A team of researchers from the Centre for Ecological Sciences (CES) of the Indian Institute of Science (IISc) recently discovered five new species of vine snakes in various parts of peninsular India.
- The team discovered that the common green vine snake (Ahaetulla nasuta) in India was a complex of several species. While four distinct small-bodied and short-nosed species were found in the rainforests of the Western Ghats, another morphologically distinct and much larger species was found across the lowlands and drier parts of peninsular India.
- Entire lineage of vine snakes (Ahaetulla) evolved around 26 million years ago during the mid-Oligocene from its sister group Proahaetulla
The newly discovered species from the Western Ghats include:
- the Northern Western Ghats vine snake (Ahaetulla borealis),
- Farnsworth’s vine snake (Ahaetulla farnsworthi),
- Malabar vine snake (Ahaetulla malabarica) and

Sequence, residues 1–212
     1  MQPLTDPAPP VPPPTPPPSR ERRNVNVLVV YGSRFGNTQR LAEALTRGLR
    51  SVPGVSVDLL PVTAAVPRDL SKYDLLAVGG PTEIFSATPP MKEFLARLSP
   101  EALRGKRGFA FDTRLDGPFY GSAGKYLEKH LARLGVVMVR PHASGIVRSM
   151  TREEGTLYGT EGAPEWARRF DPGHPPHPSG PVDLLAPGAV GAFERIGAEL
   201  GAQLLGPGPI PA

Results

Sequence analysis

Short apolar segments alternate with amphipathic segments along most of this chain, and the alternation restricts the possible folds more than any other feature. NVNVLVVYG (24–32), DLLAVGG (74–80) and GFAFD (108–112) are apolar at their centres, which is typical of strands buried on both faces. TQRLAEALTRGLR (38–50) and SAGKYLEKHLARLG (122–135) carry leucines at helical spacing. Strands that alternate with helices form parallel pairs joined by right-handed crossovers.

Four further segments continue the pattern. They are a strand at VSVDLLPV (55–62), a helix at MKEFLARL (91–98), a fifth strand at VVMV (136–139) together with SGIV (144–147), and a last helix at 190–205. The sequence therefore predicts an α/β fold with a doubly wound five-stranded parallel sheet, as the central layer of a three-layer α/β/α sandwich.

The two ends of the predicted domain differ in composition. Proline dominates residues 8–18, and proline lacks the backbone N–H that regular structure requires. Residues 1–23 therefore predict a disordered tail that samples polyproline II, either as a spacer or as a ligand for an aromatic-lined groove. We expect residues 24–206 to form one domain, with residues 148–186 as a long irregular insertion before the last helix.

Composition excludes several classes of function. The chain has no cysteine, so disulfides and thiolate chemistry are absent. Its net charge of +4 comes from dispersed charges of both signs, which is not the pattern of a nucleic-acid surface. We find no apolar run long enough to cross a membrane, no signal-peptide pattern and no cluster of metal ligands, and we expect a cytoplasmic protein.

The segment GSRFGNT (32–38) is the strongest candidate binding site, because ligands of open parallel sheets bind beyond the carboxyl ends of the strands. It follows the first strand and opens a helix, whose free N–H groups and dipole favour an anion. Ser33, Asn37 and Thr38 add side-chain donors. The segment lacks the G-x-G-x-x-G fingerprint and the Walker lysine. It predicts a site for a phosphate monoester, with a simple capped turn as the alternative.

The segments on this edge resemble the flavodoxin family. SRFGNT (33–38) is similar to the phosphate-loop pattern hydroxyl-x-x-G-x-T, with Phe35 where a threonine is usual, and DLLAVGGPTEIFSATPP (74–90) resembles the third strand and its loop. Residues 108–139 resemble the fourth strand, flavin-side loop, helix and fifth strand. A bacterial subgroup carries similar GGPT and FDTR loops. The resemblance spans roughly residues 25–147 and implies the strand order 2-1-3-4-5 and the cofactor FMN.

- Wall’s vine snake (Ahaetulla isabellina) in the Western Ghats rainforests alone.
The Travancore vine snake (Ahaetulla travancorica)
- the Travancore vine snake (Ahaetulla travancorica), separated by morphology and a geographic barrier from Gunther’s vine snake (Ahaetulla dispar).
- “They also recognised morphological distinctions between the brown vine snake in the Western Ghats and the one found in Sri Lanka and gave the Western Ghats form a new name (Ahaetulla sahyadrensis).
- “These species were superficially similar in their morphology but separated by geographic (or ecological) barriers.
- Another morphologically distinct and much larger species, the long-nosed vine snake (Ahaetulla oxyrhyncha), was distributed in the lowlands and drier parts of peninsular India.
- There are now six species of vine snakes endemic to the Western Ghats.
Source: Indian Express
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